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Groups Urge City to Hold Vote on Independent Austin Energy Board

April 9, 2013

By Ann Choi
KUT News

A coalition of activists, environmentalists and public citizens expressed concerns over City’s move that would take away public accountaiblity
A group of activists are adamant that only elected officials make up Austin’s Utility board tamiflu online.

Today at City Hall, a coalition of environmental groups urged the city council not to vote for an ordinance that would have non-elected individuals oversee the city-run utility, Austin Energy.

They cited the precedent set in San Antonio in handing over control of the city’s utility to non-elected board members. The activists argued that the move resulted in lack of accountability and investing in projects benefiting private groups.

""Why should Austin want to un-bury what has already happened and failed in San Antonio? Support corporate accountability and the choice Austin residents have in making the city a safe place to live,"" Laura Para-Colinas is with Energia Mia, a group based in San Antonio.

They asked the City to have a public hearing on the ordinance before taking it up to vote.

"The ordinance is being fast-tracked by Mayor Leffingwell, Council member Cole and Spelman before the public gets a chance to hear different perspectives on the issue,"& Karen Hadden, director of SEED Coalition said.

However the City argues that Austin’s utility has been growing too fast and big for the city officials to govern over. Mayor Leffingwell submitted the ordinance that would create an independent governing board last March.

The council will vote on the ordinance this Thursday.

Fair Use Notice
This document contains copyrighted material whose use has not been specifically authorized by the copyright owner. SEED Coalition is making this article available in our efforts to advance understanding of ecological sustainability, human rights, economic democracy and social justice issues. We believe that this constitutes a "fair use" of the copyrighted material as provided for in section 107 of the US Copyright Law. If you wish to use this copyrighted material for purposes of your own that go beyond "fair use", you must obtain permission from the copyright owner.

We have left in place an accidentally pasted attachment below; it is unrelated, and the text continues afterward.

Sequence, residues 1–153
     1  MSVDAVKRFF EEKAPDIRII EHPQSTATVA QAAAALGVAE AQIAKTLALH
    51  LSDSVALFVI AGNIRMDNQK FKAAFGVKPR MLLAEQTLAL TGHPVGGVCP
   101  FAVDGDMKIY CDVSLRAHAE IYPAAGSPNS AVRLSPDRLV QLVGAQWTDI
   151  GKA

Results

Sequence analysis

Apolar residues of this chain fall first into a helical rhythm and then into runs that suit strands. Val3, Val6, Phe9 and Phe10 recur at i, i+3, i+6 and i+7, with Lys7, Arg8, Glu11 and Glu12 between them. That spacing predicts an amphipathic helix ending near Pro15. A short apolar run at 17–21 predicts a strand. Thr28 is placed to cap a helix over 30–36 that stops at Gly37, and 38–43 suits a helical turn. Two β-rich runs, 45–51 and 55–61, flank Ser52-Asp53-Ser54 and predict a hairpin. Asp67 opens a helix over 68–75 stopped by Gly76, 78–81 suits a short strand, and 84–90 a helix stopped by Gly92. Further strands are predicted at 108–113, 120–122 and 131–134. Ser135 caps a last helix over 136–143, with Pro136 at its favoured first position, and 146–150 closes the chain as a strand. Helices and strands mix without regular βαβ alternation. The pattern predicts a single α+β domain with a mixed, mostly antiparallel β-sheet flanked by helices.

If It’s Not Broken, Don’t Break It: Help Save Austin Energy!

April 3, 2013

TexasCampaignForTheEnvironment
via Burnt Orange News

Whether you’ve been here since before the Armadillo World Headquarters, or just haven’t left since SXSW last month, one thing has remained constant in Austin: we get our electrical power from a publicly owned utility, directed by our elected city council members. This saves each of us money, but more importantly it means that the bottom line is not the only line when it comes to energy generation in Austin. Profits come second to public interest at Austin Energy, so the utility can develop renewable energy, energy conservation and green building programs which lead the way for innovative and progressive communities around the world. Austin Energy is without question the most important public asset held by the city, and every city election gives us the power to put some real popular muscle behind our public interest.

Now, however, the city council is proceeding towards a policy which would remove Austin Energy from publicly accountable hands, and transfer control of the utility to an unelected, ultimately self-appointed board of directors. This policy is one which has been tried elsewhere, and failed. It is one progressives must oppose here in Austin for the sake of our leadership on issues of sustainability, and for the sake of basic democracy.

This scheme would have the Austin City Council appoint a board of "expert" directors, and thereafter the board would appoint their own successors. Absent electoral pressure, directors of the utility could chuck renewable projects, redouble investments in coal plants or nuclear power, undermine efforts to ensure electrical service to low income or other unlucky customers or otherwise make our public utility more like the private power companies who are destroying our environment and corrupting our politics around the state, and we could do NOTHING about it. This is simply unacceptable, and so this plan must be opposed.